Cawthorn identifying himself as “a person who lives in a wheelchair” instead of “disabled” brings up the concept of internalized ableism, which is actually something many disabled people experience at some point. Internalized ableism is when someone with a disability denies or even loathes part of who they are to meet society’s expectations, which sees being non-disabled as the ideal.

Kristen Parisi, who penned a Medium piece the day after the Republican National Convention, contends that how Cawthorn views his identity as a disabled person is harmful to the disability community as a whole:

“[W]hat Cawthorn did last night was perpetuate the notion that a disabled person must try to not be disabled. I don’t know if he understands that what he did was harmful to our community — my guess is not. Because Cawthorn grew up in the same ableist society that the rest of us did, and probably has a negative view of his own disability. He may think he needs to do this to be accepted and praised by non-disabled America.” 

While disabled people are not of one mind as to the merits of using oneself as inspiration porn or as a supercrip — and we can’t assume Cawthorn’s intentions, especially since he has been clear how he identifies — it is frustrating that one of the handful of people who could represent the disability community in U.S. Congress does not identify as disabled. Nobody, Cawthorn included, is obligated to be an overt advocate or to talk about disability in the same terms as others in the community. But there are so few other disabled people represented in Congress.

I certainly understand the pressures of living in an ableist society and comprehend that Cawthorn, whose accident was merely seven years ago, may view the descriptor “disabled” as a pejorative. Many disabled people struggle with a battle where, on the one hand, they desire to identify with the non-disabled society, but on the other hand, they know they are different. Ultimately, “disabled” is not a bad word, and I hope that Cawthorn knows that even though he’s made clear he doesn’t want to use that term to describe himself.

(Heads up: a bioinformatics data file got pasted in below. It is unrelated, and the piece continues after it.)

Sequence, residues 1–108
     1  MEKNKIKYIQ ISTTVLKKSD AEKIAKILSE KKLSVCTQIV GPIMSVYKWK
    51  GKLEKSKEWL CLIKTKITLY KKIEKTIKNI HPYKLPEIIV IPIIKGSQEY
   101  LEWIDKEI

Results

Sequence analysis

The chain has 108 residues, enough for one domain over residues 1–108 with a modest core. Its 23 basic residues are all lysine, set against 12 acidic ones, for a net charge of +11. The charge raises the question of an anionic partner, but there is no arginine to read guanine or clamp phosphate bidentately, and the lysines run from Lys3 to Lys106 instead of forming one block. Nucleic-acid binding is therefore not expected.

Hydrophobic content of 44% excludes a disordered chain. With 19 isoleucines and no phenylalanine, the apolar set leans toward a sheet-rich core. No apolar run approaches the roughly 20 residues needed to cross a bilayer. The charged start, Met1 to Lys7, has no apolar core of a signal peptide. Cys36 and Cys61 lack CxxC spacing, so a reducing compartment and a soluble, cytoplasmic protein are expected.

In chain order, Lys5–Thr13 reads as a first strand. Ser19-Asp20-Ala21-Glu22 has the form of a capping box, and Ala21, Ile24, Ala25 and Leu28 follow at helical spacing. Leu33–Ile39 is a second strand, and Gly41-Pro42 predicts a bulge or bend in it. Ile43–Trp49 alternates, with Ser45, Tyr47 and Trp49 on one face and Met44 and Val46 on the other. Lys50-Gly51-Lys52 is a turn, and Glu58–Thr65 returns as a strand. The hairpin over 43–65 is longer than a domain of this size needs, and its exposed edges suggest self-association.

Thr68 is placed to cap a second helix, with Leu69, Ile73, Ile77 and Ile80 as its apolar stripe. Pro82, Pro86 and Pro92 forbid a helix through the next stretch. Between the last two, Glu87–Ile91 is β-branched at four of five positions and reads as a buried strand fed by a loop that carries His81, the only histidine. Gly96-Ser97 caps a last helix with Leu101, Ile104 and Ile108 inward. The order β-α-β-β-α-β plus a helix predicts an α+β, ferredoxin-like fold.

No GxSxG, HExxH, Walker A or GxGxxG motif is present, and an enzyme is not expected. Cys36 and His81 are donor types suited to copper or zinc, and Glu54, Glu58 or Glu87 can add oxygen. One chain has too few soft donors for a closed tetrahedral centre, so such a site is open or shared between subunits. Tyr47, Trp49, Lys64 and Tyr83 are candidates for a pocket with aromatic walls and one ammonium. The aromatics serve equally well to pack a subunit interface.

Where We Go From Here

While it’s difficult for disabled people to even gain the social acceptance necessary to become politicians in the first place, Cawthorn is in a unique position. He has parlayed his youth, intelligence and charisma into a seat in the U.S. House of Representatives, where he will ultimately be viewed as not only the future of the Republican Party, but also of American politics more generally.

As a result, Cawthorn could have an outsized impact on topics important to disabled people, like health care, independent living and disability rights more generally — decisions Congress already makes with little input from the disability community. But in order to do that, Cawthorn must understand that part of being a representative means listening to his constituents, including the disability community.

Ultimately, the next generation of disabled people, not only in Cawthorn’s district, but nationwide, desire a representative whom they may admire. But this doesn’t mean that Cawthorn needs to be reduced to being inspiration porn or a supercrip; he could have just as great an impact as an authentic human and legislator who makes disabled people’s lives tangibly better.

Read more on The Mighty: Before You Call the Candidate Who Stood Up From His Wheelchair ‘Inspirational’

Image via YouTube.